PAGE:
The recent spate of strikes by bank officers has raised two questions of wider significance: can managerial staff unionise, and can they participate in trade union actions?
In the strike called by All India Bank Officers’ Confederation (AIBOC), the largest national federation of bank officers, a large number of officers of the executive cadres participated.
A few banks served warning notices to them, quoting a letter issued by the government 26 years ago. The letter said that executives of Scale IV and above are part of the top management, and them going on strike is prejudicial to the interests of the bank, amounting to dereliction of duty. Apart from cut wages, the notice warns, an entry will be made in their Confidential Reports.
The original letter recognises the right of officers (upto Scale III) to unionise, but it questions if they can participate in trade union actions.
In a similar letter in 2009, the Indian Banks Association (IBA) reiterated the government’s advice of 1992.
A typical public sector bank (PSB) has a three-tiered hierarchy. At the lowest rung are the clerks who handle cash, operate computers, record transactions and maintain the books – all under the supervision of officers.
There are subordinate staff like the attenders, messengers, drivers, part-time sweepers and so on. All of them together constitute the workmen staff as defined under Section 2(s) of the Industrial Disputes Act, 1947 (IDA). They have been unionised for a long time and since 1966, their wages are periodically fixed through bipartite settlements (BPS) between the IBA (the ‘union’ of bank managements) and the national-level workmen federations (WFs).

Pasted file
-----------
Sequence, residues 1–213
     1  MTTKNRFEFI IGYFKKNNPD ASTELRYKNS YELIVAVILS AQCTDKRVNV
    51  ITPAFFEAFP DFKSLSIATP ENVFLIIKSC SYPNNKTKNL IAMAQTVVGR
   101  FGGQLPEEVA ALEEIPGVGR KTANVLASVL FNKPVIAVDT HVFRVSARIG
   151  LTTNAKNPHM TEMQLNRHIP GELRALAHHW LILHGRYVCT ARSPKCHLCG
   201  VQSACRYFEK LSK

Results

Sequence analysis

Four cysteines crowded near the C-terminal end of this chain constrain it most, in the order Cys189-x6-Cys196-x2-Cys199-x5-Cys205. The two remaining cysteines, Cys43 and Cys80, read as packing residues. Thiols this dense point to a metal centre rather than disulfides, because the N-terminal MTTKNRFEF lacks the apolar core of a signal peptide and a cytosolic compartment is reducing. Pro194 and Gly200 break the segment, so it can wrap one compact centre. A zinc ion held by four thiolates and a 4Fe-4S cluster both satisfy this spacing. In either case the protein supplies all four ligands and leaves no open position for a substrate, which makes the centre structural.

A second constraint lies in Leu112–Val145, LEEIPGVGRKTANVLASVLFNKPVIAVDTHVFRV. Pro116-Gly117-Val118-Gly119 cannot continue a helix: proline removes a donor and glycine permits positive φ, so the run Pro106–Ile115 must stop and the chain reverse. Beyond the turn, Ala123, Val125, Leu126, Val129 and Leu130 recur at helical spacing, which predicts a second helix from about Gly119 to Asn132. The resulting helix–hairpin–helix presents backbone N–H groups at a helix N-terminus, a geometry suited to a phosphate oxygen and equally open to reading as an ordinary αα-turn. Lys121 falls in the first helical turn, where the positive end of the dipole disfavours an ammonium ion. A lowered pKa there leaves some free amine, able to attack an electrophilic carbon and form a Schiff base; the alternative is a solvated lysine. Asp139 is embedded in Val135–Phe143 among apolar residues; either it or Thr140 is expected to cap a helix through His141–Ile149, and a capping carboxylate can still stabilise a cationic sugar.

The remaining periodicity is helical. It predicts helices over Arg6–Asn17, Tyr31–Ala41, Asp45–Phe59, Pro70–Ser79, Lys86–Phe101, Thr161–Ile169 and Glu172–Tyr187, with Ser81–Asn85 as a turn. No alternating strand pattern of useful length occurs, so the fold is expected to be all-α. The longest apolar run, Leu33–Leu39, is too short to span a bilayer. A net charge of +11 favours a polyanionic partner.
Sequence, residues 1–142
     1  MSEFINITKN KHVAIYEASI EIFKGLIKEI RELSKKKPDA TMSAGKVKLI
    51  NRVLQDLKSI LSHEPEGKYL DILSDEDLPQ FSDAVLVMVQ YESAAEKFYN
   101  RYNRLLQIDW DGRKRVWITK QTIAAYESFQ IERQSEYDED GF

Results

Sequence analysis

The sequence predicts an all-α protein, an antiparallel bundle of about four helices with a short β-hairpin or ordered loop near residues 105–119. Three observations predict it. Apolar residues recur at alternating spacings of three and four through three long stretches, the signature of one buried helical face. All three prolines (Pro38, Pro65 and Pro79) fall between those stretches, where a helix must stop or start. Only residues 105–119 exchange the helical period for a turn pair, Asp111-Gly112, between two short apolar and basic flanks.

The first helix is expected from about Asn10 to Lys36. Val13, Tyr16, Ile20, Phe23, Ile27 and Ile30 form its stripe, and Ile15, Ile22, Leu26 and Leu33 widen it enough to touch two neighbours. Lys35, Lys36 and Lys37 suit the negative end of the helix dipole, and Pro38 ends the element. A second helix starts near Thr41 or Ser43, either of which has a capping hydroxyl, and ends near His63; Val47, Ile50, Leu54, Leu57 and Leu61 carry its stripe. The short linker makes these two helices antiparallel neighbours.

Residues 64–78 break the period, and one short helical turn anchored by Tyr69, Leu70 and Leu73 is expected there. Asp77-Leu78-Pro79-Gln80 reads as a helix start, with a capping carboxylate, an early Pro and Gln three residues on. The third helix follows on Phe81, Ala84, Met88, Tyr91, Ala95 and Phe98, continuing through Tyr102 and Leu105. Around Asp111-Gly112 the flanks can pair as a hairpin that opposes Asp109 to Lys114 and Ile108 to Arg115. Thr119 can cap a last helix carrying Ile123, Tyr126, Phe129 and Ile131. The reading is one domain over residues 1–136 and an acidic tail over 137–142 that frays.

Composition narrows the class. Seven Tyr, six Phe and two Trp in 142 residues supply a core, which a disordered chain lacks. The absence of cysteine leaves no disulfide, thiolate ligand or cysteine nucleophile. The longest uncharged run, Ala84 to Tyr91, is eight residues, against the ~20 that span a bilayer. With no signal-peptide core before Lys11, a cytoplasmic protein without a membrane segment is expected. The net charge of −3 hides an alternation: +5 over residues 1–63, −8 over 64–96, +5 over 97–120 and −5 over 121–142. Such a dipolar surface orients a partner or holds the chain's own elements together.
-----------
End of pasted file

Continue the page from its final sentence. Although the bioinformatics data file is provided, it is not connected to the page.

At the middle level are the officers with a hierarchy of seven scales, starting from Scale I at the entry level and going up to Scale VII at the top, as recommended by the 1974 Pillai Committee Recommendations. They are not workmen as defined under the IDA.
As against the claims made in the government’s and IBA’s letters, Scale IV and V officers belong to the ‘senior management grade’ and only those in Scale VI and VII are designated as top executives. Their roles are broadly defined but their salary structures are telescopic – through internal process of promotion an officer can move up the hierarchy over a period of time.